Peace Corps Volunteer Knighted by Madagascar Government

Washington, D.C., March 26, 1999—Shannon McClellan, a Peace Corps volunteer from Alexandria, Va. now serving in Madagascar, received a rare honor last month when she was knighted by the Madagascar government.
At a ceremony February 24 in the village of Manandona where Shannon lives and works, the Secretary General of the Madagascar Ministry of Health presented her with a medal naming her a "Chevalier de l\'Ordre de Madagascar." She also received a diploma signed by President Ratsiraka.
McClellan, a volunteer in Madagascar since January 1997, was recognized for her creative work in health education. She has written songs in Malagache, the local language, and organized village theater presentations. She videotaped health-themed skits and has convinced local video theaters to show these videos before the main features. She has also re-created a number of local dishes using protein-rich soy flour to replace traditional rice flour as a way of increasing protein consumption in children.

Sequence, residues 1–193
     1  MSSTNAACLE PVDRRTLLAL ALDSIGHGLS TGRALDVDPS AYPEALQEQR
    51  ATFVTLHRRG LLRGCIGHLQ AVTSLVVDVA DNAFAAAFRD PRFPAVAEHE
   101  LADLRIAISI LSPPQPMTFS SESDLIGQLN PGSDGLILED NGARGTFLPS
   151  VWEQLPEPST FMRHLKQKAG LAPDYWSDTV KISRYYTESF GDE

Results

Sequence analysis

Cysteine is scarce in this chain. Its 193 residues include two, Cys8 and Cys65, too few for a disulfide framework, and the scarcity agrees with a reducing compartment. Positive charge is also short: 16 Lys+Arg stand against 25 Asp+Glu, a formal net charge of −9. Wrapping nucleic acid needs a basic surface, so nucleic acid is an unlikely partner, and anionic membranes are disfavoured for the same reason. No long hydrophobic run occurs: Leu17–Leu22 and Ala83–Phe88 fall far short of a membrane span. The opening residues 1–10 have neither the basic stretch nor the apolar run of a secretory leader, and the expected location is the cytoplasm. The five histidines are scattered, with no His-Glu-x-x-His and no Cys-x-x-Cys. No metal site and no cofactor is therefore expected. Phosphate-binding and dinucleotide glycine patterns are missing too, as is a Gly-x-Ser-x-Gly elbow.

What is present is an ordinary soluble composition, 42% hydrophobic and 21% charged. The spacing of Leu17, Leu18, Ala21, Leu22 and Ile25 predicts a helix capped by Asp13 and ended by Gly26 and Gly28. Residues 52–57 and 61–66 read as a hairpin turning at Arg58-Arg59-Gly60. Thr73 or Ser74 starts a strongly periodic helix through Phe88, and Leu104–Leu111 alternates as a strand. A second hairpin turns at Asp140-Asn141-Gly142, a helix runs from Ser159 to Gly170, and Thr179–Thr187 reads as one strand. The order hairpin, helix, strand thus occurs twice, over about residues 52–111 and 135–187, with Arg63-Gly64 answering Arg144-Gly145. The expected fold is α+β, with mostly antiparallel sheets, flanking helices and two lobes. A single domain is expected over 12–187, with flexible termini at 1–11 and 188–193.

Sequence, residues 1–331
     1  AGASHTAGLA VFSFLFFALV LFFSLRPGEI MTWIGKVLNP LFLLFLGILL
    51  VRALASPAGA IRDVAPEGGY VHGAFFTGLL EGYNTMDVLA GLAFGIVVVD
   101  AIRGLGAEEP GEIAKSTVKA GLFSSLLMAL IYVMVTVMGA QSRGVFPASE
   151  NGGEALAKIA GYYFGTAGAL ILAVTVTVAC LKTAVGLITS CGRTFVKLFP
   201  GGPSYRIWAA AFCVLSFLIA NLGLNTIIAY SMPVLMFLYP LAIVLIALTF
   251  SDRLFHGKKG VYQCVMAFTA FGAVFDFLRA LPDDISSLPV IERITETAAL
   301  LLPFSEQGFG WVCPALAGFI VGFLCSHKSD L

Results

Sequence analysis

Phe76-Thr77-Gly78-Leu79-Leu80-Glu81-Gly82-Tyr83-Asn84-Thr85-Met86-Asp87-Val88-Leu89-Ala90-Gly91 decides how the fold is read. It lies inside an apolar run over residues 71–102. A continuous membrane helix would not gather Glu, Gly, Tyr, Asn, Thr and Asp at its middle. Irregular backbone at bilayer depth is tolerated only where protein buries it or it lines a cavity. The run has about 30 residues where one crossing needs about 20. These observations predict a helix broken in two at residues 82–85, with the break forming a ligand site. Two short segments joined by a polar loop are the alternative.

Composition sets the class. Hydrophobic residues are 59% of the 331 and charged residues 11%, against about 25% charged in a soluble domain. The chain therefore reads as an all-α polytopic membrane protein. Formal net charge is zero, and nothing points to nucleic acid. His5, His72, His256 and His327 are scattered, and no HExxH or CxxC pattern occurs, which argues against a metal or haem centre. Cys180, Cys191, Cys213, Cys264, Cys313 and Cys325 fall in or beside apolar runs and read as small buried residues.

McClellan is a 1994 graduate the College of William and Mary, and is currently a Masters International student in Public Health at Tulane University. The Masters International program combines graduate course work with Peace Corps service for a masters degree. Today, nearly 6,700 Peace Corps volunteers are serving in 80 countries, working to help fight hunger, bring clean water to communities, teach children, start new small businesses, and prevent the spread of AIDS. Since 1961, more than 152,000 Americans have joined the Peace Corps.

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